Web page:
If you are unable to keep up with your mortgage payments and you find yourself stumbling down the road to foreclosure, you know how nerve-racking it can be. Fortunately, it is possible to get some relief by checking out a mortgage loan modification. It’s a great option for lowering your monthly mortgage payments, saving money, and putting an end to those annoying collection calls.
But loan modification is not for everyone. Sometimes the cost of your loan will go up and your credit report could suffer. But, if your house is foreclosed, your credit report will suffer anyway. Here’s what you need to know about loan modification and how it works.
How mortgage loan modification works
Modifying your mortgage is a temporary or permanent way to avoid foreclosure. Unlike mortgage refinancing, a mortgage loan modification does not replace your current mortgage. Instead, it changes your original loan by adjusting the length of your loan, lowering your interest rate, or switching from a variable rate mortgage to a fixed rate mortgage, with, hopefully, better conditions.
If you have a loan owned or guaranteed by Freddie Mac or Fannie Mae, you may be eligible for the “Flex Modification” program. The goal of the Flex program is to reduce your mortgage payments by 20%.
However, if you still believe that mortgage refinancing is the perfect personal finance option for you, head to the Credible multi-lender site to compare rates and mortgage lenders. Find your prequalified rates today by inserting simple information into Credible’s tools.
Is Modifying a Mortgage a Good Idea?
A mortgage modification can be a good option:
- If you can’t qualify for mortgage refinance
- If you are several months behind in your mortgage payments
- If you are facing long-term difficulties and are likely to fall behind on mortgage payments
Credible can help you calculate the numbers. In just three minutes, you can get prequalified rates from multiple mortgage lenders without affecting your credit score. See how much refinancing could save you instead.
Due to COVID-19, moratoriums on foreclosures of single-family homes and evictions of real estate will continue until at least December 31, 2020. What will you do January 1, 2021? Before committing to modifying your mortgage, use an online mortgage refinance calculator to determine your new monthly fees.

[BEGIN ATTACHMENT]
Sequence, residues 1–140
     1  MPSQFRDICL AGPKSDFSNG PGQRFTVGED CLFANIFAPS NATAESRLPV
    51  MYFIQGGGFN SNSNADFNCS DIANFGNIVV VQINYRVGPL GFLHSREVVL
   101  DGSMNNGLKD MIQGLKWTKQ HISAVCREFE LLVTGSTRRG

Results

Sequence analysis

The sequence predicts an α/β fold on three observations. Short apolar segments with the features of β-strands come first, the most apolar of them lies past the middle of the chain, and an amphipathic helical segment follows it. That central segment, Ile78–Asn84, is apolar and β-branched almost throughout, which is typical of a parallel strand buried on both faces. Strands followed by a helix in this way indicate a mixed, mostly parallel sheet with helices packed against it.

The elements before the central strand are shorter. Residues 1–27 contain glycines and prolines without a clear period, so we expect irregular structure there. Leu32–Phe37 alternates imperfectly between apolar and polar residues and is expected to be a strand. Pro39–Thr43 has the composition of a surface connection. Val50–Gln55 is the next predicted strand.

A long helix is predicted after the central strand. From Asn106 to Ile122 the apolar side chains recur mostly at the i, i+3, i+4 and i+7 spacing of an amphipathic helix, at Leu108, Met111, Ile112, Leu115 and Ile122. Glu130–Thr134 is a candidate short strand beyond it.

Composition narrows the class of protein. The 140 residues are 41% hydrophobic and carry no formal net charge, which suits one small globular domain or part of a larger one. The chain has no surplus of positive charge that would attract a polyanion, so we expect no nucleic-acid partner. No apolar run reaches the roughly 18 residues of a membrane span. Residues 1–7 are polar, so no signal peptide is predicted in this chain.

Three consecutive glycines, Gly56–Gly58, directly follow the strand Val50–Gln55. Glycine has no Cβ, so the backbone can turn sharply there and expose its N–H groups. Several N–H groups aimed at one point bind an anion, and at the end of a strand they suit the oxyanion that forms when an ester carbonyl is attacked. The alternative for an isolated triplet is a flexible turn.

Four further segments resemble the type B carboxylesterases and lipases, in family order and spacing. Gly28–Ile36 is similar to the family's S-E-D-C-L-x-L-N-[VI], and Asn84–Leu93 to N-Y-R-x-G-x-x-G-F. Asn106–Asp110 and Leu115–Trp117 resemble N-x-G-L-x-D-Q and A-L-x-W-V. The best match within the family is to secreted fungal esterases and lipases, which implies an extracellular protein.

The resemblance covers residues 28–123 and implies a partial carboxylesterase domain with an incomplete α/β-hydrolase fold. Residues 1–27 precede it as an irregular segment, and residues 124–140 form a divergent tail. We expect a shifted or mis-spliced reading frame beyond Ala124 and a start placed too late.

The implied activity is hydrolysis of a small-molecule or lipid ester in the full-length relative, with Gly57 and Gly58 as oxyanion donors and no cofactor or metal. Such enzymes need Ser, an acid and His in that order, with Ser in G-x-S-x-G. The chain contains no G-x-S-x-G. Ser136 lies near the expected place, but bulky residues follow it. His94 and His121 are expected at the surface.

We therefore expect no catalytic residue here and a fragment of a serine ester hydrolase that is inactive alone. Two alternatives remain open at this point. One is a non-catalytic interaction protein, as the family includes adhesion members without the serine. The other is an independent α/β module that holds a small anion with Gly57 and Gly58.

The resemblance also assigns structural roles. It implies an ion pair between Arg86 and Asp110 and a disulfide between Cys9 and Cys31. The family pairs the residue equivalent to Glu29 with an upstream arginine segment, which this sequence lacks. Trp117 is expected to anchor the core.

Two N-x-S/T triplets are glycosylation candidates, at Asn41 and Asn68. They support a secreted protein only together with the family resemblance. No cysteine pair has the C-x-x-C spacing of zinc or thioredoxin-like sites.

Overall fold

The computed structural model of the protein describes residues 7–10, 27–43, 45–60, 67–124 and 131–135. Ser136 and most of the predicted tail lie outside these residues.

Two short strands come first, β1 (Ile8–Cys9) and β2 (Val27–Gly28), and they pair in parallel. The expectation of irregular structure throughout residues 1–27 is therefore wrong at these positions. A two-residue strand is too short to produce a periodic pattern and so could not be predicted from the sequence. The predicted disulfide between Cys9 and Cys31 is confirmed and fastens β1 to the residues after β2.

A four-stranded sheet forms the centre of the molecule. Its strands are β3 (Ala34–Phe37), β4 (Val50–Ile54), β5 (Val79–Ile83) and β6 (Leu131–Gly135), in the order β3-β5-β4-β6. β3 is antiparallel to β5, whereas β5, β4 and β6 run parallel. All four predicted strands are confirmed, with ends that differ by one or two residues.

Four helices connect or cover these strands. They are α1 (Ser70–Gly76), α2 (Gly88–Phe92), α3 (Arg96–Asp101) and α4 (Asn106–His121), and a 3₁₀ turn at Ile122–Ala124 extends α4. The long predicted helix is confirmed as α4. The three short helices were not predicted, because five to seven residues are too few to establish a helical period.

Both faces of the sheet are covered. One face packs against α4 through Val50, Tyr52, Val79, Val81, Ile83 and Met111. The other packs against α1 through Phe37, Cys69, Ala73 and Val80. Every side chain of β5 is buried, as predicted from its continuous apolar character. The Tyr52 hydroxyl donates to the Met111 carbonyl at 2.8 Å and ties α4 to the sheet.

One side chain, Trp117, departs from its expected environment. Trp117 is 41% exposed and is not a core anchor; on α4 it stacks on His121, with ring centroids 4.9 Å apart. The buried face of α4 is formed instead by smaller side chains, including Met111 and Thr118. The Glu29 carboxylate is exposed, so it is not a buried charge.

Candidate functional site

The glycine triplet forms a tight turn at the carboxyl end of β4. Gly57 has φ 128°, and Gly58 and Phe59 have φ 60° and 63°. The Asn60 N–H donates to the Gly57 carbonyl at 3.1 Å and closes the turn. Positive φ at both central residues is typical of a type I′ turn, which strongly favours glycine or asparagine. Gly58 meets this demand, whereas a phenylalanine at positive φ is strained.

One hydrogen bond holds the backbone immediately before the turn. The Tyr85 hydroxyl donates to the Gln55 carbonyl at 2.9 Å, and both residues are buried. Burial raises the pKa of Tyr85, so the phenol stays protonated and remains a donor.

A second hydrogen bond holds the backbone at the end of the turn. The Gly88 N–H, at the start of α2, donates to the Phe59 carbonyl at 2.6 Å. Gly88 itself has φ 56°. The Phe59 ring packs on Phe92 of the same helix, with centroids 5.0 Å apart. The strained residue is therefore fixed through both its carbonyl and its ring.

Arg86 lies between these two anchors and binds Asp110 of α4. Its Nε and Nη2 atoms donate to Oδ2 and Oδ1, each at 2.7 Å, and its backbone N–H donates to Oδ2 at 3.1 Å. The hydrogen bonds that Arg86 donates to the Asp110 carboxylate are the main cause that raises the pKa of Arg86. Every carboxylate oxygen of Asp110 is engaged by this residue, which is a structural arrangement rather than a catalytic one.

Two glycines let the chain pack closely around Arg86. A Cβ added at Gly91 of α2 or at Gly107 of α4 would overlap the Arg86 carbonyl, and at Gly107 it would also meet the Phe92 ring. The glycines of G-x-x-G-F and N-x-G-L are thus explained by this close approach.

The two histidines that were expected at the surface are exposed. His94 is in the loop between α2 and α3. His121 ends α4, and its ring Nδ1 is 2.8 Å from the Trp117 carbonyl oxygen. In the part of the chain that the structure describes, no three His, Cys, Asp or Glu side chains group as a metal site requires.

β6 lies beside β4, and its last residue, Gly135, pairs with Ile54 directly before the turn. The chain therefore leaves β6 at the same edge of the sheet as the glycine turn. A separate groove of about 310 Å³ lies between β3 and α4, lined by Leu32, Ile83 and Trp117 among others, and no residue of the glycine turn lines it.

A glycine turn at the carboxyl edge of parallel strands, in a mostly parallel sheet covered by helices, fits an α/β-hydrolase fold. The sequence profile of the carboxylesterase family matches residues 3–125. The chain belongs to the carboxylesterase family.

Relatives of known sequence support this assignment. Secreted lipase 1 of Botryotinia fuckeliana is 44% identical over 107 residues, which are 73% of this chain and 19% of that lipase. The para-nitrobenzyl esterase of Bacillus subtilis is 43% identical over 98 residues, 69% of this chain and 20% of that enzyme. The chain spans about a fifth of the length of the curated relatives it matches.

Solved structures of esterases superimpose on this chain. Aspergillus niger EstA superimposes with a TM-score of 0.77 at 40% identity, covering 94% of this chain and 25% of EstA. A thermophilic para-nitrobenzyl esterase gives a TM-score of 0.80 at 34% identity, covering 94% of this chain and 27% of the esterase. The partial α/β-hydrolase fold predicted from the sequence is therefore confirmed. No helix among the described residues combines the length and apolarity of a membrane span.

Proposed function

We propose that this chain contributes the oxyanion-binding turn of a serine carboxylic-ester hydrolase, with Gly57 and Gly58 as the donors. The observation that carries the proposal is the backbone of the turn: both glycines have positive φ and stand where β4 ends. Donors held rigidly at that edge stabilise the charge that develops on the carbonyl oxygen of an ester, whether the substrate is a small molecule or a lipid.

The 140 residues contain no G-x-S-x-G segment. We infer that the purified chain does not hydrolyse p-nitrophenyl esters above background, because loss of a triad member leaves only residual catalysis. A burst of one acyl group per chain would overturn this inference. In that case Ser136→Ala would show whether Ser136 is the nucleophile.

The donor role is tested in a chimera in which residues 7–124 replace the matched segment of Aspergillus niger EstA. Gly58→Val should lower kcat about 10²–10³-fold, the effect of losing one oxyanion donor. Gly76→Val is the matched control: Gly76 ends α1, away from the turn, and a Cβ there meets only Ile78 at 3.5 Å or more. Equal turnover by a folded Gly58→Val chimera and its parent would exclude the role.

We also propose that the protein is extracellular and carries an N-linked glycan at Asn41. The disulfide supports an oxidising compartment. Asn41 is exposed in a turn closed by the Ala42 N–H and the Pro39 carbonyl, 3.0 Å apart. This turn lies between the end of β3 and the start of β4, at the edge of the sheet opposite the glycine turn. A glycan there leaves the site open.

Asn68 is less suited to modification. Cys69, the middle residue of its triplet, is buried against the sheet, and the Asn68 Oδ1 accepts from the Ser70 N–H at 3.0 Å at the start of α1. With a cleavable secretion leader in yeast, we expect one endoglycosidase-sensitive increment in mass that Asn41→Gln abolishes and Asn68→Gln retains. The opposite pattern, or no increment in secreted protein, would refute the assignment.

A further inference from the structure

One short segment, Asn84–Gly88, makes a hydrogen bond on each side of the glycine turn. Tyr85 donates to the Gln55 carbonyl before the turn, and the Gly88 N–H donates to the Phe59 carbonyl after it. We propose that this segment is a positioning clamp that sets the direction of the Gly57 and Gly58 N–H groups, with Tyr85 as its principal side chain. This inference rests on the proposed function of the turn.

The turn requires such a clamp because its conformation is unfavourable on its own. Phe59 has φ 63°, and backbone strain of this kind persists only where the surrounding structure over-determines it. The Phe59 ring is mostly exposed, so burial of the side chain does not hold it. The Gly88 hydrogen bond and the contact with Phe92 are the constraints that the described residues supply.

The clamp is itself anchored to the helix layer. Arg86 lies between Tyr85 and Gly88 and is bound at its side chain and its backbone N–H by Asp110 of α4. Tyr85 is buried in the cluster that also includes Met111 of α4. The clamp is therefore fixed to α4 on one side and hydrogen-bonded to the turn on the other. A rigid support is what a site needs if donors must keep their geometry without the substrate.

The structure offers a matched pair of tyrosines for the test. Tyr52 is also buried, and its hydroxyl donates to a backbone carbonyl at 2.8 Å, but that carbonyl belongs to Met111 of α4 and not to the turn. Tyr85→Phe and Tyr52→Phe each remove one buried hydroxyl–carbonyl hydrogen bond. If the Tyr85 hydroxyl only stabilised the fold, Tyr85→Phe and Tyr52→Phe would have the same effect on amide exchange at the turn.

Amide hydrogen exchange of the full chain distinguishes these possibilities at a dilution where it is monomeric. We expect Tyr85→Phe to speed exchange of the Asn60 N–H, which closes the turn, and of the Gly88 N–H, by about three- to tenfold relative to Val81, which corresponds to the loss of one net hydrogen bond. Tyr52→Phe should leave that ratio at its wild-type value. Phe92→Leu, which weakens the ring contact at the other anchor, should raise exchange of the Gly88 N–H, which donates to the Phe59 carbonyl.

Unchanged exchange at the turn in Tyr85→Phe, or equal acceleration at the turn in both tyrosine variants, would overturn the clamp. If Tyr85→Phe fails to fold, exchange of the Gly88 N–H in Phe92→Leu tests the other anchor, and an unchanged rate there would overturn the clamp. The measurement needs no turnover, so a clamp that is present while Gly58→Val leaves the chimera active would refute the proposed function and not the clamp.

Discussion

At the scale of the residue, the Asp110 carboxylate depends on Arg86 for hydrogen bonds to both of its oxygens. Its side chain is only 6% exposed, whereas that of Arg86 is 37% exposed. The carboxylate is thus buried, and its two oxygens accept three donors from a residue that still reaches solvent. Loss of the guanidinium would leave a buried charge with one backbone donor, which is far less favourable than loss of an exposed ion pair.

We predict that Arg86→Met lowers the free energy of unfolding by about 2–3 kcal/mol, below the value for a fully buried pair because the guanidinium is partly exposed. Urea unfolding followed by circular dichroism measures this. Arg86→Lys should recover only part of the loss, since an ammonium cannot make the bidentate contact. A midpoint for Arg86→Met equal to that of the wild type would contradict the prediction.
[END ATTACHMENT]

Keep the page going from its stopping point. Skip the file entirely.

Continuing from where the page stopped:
Who is eligible for a mortgage modification?
Mortgage modification programs vary from lender to lender and not everyone is eligible. Generally, you must provide proof of financial hardship for one or more of the following reasons:
- Increased cost of housing
- Natural disaster
- Long-term disability or sudden illness
- Loss of income due to the death of a family member
- Loss of uninsured property
- Separation or divorce
- Health pandemic
- Your mortgage has not been changed more than three times in the past
But if you’re still not sure if the mortgage modification is right for you, visit Credible to learn more about your mortgage refinancing options.
How can I change my mortgage?
While not everyone qualifies for a mortgage modification, if you do, there are several key ways you can modify your mortgage.
- You can extend the term of your mortgage, say from 15 years to 30 years.
- You can change the type of loan – from an adjustable rate mortgage to a fixed rate mortgage.
- You can add any overdue amount to the outstanding principal balance. This amount will then be amortized over the new term of your loan.
- Reduce your interest rate permanently or temporarily.
If you want to compare a mortgage modification to a refinance option, go to Credible. Refinancing also lowers your monthly payment (if you get a lower interest rate), so you need to weigh the pros and cons before making a decision. Check out different types of loans and save money today.
Advantages and disadvantages of mortgage modification
Modifying a mortgage is not without its risks, but it also has key benefits if you qualify.
- You can avoid foreclosure and stay in your home
- You can settle any late payment
- You may be able to reduce your monthly payments
- Your credit will be less affected than if your lender had foreclosed on your home
- You may be able to switch from a variable rate mortgage to a fixed rate mortgage for the duration of your loan.
- You can actually pay more over time if you go for a 20 year loan over a 30 year loan.
- What you end up owing in your loan modification program can end up being more than the value of your home.
- You will likely have to pay fees to modify your loan.
- You can incur tax debts.
- Your credit score will suffer if your lender reports your modification as a debt settlement.
- If you continue to make late payments or no payments on your loan modification, your lender may escalate your home foreclosure.
If you are considering modifying your mortgage, check out Credible first to see loan options between several lenders with fewer forms to fill out.